The Seventh, and not just because of its chronological significance – on eBay. Here in the UK, American printings of the Parker novels don't turn up on eBay that often, so when they do, I'll sometimes bid for them, even though I have at least one edition – mostly Allison & Busby editions – of every Parker novel anyway. (I could, of course, simply buy copies from booksellers in the States via AbeBooks, but where's the fun in that?) To a Brit living thousands of miles away from America, who for the longest time dreamed of getting his hands on the exotic-seeming books and comic books and records that originated in that distant, unreachable country in those pre-internet years (even when, in my teens, UK bookshops, comic shops and record shops started importing US wares, there were still items that were legendarily elusive), there's a tangible thrill in holding a copy of an original printing of a Richard Stark book. And owning a copy of The Seventh is a particular joy, because of the Parker novels I've read thus far (I'm on the fourteenth, 1971's Slayground at the moment), The Seventh may well be my favourite.
One thing I mentioned in that McGinnis post was that Bennett's depiction of Parker on his eight covers varies wildly. It's hard to get a sense of how Bennett sees Parker; for example, on the back of The Seventh, presumably that's Parker in the foreground, but it's also the least characterful guy of the bunch. If we go right back to Bennett's first Parker cover, for The Hunter, the only really distinctive thing about Parker there is the size of his hands (which Bennett surely got from Stark/Westlake's memorable description of them near the start of the novel). And if we compare the Parker on The Hunter to the one on the back of The Seventh, well, those are two completely different people. I guess you could make a case for the Parker on the covers of The Outfit (1963) and The Mourner (1964) being the same as the one on The Hunter, but I've got no idea which, if any, of the people sitting in the cab of the truck on the cover of The Score (1964) is Parker, and the incidental Parkers on The Jugger (1965) and The Handle are different guys again.
The Man with the Getaway Face (1963), where all we can see of him are his huge hands – almost the same ones as on The Hunter – and dark, steady, piercing eyes. What that cover also does, though, is neatly illustrate the point that, at root, it doesn't really matter how Bennett depicts Parker; these are still extraordinary book covers. Just look at that bird's nest mess of ink and daubs of colour, at the thick black lines that call to mind Max Beckmann more than they do Bennett's book cover contemporaries. Evidently, this is an artist who knows his art history.
Born in South Salem in 1919, Bennett served as a major in the Pacific during World War II, painting the scenes he saw whilst fighting (he also suffered a broken back). He studied fine art at the Institute of Chicago and graphics at the American Academy of Art, and did advertising work for Pepsi and Buick before switching to book covers. But beyond his commercial career, Bennett was becoming an accomplished and respected painter. In 2008 the RiverSea Gallery in Astoria, Oregon held a restrospective exhibition of Bennett's paintings, to act as a farewell to the local artist, who was moving to the east coast. Follow that link and you'll find a few fine examples of his work, along with a profile which reveals that when Bennett arrived in Oregon in 1986 he experienced something of an artistic epiphany, over the next two decades painting hundreds of pictures of the people and places from the local area.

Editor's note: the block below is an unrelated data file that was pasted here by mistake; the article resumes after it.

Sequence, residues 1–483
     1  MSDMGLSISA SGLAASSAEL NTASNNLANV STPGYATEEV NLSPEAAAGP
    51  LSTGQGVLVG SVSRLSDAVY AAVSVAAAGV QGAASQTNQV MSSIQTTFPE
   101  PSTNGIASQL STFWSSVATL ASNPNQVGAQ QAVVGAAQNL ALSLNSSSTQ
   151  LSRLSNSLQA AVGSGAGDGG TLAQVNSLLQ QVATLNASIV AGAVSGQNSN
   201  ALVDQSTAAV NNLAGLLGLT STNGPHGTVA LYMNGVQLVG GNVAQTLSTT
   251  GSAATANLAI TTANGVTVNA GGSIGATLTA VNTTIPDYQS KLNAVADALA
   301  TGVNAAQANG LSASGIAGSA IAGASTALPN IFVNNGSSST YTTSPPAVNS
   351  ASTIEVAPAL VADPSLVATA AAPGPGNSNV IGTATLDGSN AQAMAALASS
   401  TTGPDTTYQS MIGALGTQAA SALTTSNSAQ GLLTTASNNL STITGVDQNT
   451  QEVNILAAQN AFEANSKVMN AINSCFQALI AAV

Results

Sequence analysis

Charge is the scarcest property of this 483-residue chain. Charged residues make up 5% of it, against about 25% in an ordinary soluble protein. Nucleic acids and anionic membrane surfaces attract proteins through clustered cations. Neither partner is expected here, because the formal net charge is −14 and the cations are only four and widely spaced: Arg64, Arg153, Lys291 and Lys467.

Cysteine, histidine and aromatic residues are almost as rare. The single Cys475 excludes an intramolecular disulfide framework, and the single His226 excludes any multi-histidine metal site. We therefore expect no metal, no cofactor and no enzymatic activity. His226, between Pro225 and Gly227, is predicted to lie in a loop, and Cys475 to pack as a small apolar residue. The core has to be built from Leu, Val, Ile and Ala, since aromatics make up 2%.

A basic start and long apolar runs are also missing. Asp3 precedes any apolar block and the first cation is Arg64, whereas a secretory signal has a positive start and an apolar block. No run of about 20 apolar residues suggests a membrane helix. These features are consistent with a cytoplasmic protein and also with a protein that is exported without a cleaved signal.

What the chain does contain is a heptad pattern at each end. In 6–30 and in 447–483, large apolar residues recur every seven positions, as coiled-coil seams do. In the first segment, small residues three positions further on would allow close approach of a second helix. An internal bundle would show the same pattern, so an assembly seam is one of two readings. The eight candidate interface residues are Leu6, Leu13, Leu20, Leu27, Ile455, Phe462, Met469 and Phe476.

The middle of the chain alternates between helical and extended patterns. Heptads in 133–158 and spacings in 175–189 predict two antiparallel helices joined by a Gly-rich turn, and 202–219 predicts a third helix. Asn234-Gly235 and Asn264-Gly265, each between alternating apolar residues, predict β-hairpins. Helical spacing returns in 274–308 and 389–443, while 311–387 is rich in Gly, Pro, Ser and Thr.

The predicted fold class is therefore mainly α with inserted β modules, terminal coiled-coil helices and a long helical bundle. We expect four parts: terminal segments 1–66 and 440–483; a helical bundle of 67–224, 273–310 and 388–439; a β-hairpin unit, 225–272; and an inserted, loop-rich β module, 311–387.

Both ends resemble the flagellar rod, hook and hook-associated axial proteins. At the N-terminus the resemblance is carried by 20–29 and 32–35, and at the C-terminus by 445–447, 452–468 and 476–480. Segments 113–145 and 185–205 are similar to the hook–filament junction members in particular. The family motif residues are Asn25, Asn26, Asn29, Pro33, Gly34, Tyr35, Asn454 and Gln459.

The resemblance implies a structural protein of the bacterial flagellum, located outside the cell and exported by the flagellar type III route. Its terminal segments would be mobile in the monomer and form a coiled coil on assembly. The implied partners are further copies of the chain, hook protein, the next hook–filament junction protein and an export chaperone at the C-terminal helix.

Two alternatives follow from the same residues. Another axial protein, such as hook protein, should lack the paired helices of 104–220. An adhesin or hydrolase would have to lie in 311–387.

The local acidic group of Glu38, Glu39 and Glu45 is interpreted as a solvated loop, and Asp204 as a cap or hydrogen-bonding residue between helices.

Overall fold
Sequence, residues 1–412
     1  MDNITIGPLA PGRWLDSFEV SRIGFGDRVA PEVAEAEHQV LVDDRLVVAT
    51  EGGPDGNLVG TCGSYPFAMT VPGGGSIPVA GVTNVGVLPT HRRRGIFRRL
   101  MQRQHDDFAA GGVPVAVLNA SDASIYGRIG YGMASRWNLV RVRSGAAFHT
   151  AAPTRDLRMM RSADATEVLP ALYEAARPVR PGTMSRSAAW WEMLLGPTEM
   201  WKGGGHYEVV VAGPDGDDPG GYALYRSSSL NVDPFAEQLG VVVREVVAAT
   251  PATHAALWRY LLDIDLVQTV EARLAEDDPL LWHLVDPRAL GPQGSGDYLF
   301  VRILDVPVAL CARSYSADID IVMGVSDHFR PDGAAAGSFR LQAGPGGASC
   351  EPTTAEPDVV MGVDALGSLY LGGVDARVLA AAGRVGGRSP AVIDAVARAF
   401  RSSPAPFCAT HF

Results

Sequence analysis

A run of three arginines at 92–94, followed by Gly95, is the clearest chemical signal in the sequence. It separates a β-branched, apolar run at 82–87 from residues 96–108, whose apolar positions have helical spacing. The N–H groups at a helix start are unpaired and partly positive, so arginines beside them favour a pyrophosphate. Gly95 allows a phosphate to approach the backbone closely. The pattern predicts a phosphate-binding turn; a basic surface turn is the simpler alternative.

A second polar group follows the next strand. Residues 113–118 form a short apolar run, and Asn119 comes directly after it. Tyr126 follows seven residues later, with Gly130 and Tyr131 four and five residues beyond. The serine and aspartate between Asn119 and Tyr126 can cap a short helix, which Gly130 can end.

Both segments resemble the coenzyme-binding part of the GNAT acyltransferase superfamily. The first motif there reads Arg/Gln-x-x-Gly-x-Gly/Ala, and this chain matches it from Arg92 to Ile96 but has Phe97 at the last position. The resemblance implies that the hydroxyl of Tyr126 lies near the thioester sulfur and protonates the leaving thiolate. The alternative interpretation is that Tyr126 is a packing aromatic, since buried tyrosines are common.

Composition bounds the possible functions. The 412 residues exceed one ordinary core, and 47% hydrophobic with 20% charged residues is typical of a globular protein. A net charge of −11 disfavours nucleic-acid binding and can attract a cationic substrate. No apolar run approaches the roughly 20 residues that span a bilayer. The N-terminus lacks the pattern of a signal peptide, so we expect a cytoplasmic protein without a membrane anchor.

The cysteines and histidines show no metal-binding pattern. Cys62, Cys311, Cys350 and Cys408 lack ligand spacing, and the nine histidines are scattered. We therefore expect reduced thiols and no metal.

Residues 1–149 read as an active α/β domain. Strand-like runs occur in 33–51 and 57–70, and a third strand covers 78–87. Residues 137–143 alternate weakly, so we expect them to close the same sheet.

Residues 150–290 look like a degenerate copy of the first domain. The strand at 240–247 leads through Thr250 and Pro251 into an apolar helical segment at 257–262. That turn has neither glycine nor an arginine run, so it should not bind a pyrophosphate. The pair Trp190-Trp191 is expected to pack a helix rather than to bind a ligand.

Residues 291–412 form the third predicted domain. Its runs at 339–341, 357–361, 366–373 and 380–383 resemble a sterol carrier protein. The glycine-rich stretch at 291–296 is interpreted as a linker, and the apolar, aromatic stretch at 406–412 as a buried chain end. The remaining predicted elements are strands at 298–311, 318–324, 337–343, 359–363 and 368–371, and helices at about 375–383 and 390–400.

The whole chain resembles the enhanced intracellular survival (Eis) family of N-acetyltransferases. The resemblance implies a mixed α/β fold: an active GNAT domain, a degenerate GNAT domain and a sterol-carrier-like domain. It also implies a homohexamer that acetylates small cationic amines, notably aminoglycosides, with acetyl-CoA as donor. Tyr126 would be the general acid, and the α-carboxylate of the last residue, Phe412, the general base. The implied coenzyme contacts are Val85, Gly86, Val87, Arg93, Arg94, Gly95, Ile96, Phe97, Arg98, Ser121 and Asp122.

best known for – it was abundantly clear this was no run-of-the-mill cover hack. One need only regard the way the ghostly statuette figures on the cover of The Mourner grasp that bold blue background like fingers scrabbling for purchase, or how Bennett uses abstract blocks of primary colour as a shorthand for street signs on the cover of The Jugger. Clearly, this is a confident, clever artist.
Fine art purists might dismiss Bennett's covers as being merely illustrative, but that's to ignore their formal qualities as pictures. The covers of The Man with the Getaway Face, The Jugger and The Handle stand as works of art, ones which could happily adorn any wall. And even if one were to take them simply as illustrations, they still show a keen mind at work in the choices Bennett makes; that Jugger cover neatly summarises the small town setting of the novel, the urban paraphernalia offset by the good-ol'-boy sheriff. Where many covers, particularly in the crime fiction field, opt for quite literal interpretations of the particular material – a gumshoe, a moll – Bennett, though still figurative in approach, is quite happy to mix near-abstract elements with scenes lifted from the page.
And Bennett is as good now as he ever was. His son, Tom, is also an accomplished artist, and often posts updates about Harry on his shared blog. And as these wonderful drawings show, Bennett's art is still sharp and expressive. It's nice to know that the man who lent his extraordinary talents to those early Parkers and helped define the look and feel of Parker's world in many fans' minds is still out there, doing his thing. Long may he continue.